I’m finally writing back and thanks so much for your comment – I apologize for taking so long to reply. That’s fantastic that an MAOI saved you just like me! I haven’t heard of Marplan, so I appreciate your letting me know about it. Your line “I would have given up air for it” was brilliant!
      I get it!

      I can eat some of the “no no’s” on the list, but I’m still pretty conservative as I’m a worry wort.

      My heart goes out to the loss of your sister-in-law; no mother should have to suffer in such a way. I hope that research *cures* bipolar disorder – I keep saying that if we can send people to the moon, surely we can find something to stop this insidious illness from taking more lives.

      Thanks again for writing – it was wonderful to hear from you!
      take care,
      Dyane

  4. Another amazing and amazingly detailed post! I am so glad that Parnate helped you! Hopefully if the need arises, people will at least try MAOI’s and I’m sure your post will help them make that decision. XXXXOOOO

  5. Yes! A+. Well I’m afraid honestly of hitting that drug-resistant bipolar depression. Cheese and chocolate are my lifeline and I’m a real wine connoisseur so that’s pretty much half my existence. I’ll keep them in mind and it won’t kill me to change my diet but I’d have to say that this post was a little depressing for me. Idunno. Maybe because I’m SO lacking in self-control. Oh well. Glad that your Lithium/MAOI combo works!!! Love you my dear!! XOXOXO

    1. Girl, I used to INHALE cheese & wine on a daily basis. You could give those up – I know you could. But I don’t want you to!!!!!

      You have ginormous POTENTIAL and (dare I say it again) GUTS OF STEEL! Once you give up something, yeah, it’s not easy at first, but then it’s no big deal.

      I had to give up my BLOOD (a.k.a. coffee) during 2 pregnancies, so that was 18 months holy mother of Zod, and also I gave up SUSHI (although that probably wasn’t necessary) I didn’t think I’d be able to do any of that. But I surprised myself. You would too.

      And you…..you could pretty much fly if you wanted to, Jess. So don’t worry about this shit too much ,and know that I love ya!

      And if I had to resort to doing something drastic if evil depression returns, I keep hearing great things about ketamine shots for bipolar depression so I’d consider that or ECT again- it sounds like there are more options coming down the pipeline. If you hear of anything, let me know! XOXOXOXOOXOXOX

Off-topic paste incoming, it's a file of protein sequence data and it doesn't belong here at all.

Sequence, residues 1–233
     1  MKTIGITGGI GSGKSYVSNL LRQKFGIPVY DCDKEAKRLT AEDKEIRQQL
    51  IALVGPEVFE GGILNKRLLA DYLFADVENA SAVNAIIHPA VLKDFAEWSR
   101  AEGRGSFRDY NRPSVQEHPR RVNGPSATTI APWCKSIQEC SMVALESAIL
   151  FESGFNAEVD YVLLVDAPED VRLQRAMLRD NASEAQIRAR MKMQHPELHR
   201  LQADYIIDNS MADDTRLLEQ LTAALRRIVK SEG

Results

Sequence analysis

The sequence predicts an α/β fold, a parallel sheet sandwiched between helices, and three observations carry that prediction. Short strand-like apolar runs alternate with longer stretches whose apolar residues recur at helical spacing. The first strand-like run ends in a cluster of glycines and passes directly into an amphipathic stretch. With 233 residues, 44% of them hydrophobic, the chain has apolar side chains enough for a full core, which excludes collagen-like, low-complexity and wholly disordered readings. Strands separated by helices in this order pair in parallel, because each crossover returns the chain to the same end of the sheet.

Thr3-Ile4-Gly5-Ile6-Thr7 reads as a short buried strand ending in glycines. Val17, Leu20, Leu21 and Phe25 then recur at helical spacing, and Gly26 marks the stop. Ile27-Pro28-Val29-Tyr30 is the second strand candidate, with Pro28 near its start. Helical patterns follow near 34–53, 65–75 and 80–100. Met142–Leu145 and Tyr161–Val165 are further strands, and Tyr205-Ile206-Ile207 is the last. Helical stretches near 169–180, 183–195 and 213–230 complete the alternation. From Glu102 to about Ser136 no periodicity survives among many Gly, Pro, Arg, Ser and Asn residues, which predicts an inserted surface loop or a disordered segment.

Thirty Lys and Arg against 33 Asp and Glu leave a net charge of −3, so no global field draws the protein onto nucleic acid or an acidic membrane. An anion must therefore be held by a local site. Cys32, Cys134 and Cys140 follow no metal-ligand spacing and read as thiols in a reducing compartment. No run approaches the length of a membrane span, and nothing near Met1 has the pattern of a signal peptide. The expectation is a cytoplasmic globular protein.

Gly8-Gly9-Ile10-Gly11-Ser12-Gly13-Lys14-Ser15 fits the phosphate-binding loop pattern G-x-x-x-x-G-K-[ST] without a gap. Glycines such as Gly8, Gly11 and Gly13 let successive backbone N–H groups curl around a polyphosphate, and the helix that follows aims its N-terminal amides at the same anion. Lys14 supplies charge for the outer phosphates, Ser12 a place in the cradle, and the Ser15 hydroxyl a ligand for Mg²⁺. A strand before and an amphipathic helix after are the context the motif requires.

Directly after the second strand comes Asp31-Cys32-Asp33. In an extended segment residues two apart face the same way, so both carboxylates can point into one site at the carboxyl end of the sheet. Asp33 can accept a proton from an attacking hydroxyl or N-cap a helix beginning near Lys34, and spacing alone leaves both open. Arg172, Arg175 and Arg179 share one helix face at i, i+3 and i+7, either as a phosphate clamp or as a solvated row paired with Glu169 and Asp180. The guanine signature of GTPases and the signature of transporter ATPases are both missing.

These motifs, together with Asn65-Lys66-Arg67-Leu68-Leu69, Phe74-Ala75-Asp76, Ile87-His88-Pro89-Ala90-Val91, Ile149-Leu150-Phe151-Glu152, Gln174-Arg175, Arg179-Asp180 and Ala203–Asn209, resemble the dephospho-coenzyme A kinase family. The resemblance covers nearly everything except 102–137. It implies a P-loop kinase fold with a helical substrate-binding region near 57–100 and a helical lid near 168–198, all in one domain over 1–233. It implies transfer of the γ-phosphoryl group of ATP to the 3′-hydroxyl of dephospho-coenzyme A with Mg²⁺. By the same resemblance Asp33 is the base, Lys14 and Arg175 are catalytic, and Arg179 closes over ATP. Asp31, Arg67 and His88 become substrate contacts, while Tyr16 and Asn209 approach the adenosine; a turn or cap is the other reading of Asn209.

6. I just gotta say: your blog is NOT a waste of time. At all. You’re sharing your life and helping others be brave enough to follow you. Anyone who tells you that should receive a polite smile and a kick in the shins. Or, I could send you one of my twins for you to sic on them. They’re more effective as a team, but that’ll cost you extra. 🙂

    1. Awww – ***thank you*** so much! I really needed to read your comment today. I might have to shell out the big bucks for those twins pretty soon! Have a great weekend & thanks for putting a big smile on my face.;)))))) p.s. for an additional fee, does Daniel Craig come as part of the Twins package?

  7. Love this post Dyane. Sometimes we have to be our own advocate. We ALWAYS need to be present (mentally) when medication is discussed. If I hadn’t been my own advocate, pdoc never would have tried tegretol and the hypo high I’ve been riding would have been far far worse.

    1. Thanks so much for your comment, lovely Leslie!
      I know we can’t expect doctors to be perfect. (Nor bloggers or journalists!)
      But it seems that there’s a lot of room for improvement….much more room for improvement than this naive gal thought, anyway. 😉

      I’m SO SO SO glad you advocated strongly for yourself so that your symptoms weren’t as severe as they could have been. That’s truly awesome! 👍 💗 take care & I wish you a great Friday & weekend, Leslie!

      1. And I’m so glad that you advocated for YOURself and that you corrected someone who had the capacity to hurt people with her opinions.

    2. I’m actually paranoid she may somehow read this and write a nasty comment – but I’m not slandering her by name or anything. I just think she could have done so much better. Then again, I could see myself making her mistake too. But I won’t from now on! ;)))